In the wake of Celera’s announcement that its human genome paper has been submitted to Science, details about the International Human Genome Project have emerged including where some of its papers have been submitted.
Of the 10 plus papers the public project expects to submit, it has been confirmed that the sequence paper has been sent to Nature. And, John McPherson, lead author of the mapping paper and co-director of the Genome Sequencing Center at Washington University in St. Louis, indicated that his paper was sent to Nature as well. (Although he wouldn’t name the journal it was submitted to, he did confirm that it had not been submitted to Science.)
“I think in general people disagree with the publishing deal with Celera and Science,” McPherson said. “I don’t like double standards. I never have.”
But, he added, that the paper’s authors had originally planned to submit their paper to another journal anyway.
Like McPherson, many people within the public project resented the deal struck by Celera and Science. The outcry likely caused the last minute decision to send the paper to Nature, rather than Science, as was originally planned.
As the controversy surrounding the Celera and Science agreement heated up, Francis Collins, director of the National Human Genome Research Institute, and other leaders of the Genome Project sent Science a letter stating they would not submit the sequence paper to the journal because it had opened the door for authors to impose similar restrictions on data they submit.
In the letter, which was partially reprinted in the Los Angeles Times, the leaders of the human genome project wrote: “We are concerned that Science has now set the precedent of permitting authors to impose new restrictions on those wishing to see the results reported in a published [scientific] paper. We have repeatedly asked Science to clarify…this bold new policy, but have received no clarification to date.”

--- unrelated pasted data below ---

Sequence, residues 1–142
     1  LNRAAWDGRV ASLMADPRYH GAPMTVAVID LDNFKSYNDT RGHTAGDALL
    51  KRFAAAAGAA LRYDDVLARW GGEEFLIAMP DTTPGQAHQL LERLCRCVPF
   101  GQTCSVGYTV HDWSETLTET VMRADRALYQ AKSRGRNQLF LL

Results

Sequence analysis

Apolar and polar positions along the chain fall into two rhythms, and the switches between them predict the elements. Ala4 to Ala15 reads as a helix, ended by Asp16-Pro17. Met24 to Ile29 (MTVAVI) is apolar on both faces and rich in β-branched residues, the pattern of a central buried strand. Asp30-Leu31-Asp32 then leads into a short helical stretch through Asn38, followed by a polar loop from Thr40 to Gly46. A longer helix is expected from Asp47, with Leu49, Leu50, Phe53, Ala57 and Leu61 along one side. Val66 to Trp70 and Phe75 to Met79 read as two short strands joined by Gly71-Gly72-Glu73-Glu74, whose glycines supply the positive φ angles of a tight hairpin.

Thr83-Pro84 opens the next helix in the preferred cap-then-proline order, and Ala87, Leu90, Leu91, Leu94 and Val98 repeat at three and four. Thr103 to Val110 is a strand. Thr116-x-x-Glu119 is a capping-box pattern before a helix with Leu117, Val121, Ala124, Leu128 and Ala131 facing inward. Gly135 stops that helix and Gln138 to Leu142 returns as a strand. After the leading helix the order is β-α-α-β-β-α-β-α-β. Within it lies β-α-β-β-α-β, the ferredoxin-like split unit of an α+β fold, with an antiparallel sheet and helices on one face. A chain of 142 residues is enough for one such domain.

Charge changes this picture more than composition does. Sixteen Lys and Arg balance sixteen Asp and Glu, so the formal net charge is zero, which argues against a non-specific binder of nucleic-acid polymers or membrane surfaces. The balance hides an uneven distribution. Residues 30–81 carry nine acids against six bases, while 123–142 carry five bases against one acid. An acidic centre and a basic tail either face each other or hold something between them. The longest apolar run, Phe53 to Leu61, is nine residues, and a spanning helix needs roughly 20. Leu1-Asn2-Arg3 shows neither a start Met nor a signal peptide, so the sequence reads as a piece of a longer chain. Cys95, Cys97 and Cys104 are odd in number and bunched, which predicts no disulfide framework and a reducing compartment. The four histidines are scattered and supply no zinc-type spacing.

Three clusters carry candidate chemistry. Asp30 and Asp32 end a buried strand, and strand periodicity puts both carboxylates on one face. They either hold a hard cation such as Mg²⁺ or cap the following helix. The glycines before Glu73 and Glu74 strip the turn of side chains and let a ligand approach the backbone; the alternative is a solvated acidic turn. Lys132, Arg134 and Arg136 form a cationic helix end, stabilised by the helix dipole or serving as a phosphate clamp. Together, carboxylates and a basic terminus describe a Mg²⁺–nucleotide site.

George Whitesides, a Harvard chemist who participated in Science’s discussions about how to handle the arrangement with Celera, said the hoopla surrounding the deal was unfounded since such an agreement would likely represent a one-time exception.
“The human genome is a big deal,” said Whitesides. “This is such an unusual event that this is the time when you break your own rules.”
Nevertheless, McPherson stood by the public project’s decision, stressing that the change in plans to publish in Nature was hardly a setback for the organization or a compromise in terms of going to a less prestigious journal.
“The decision on which [journal] to go to is not based on which one is more prestigious. Nature has been around longer, and they are the one that published the structure of human DNA in 1953,” he said. “It’s a disagreement with what seems to be a change in [Science’s] policy.”
Robert Waterston of Washington University in St. Louis, who co-signed the letter to Science, said the papers would run partially electronically and partially in print, since the articles are “a little larger than the normal paper.”
—Marian Moser Jones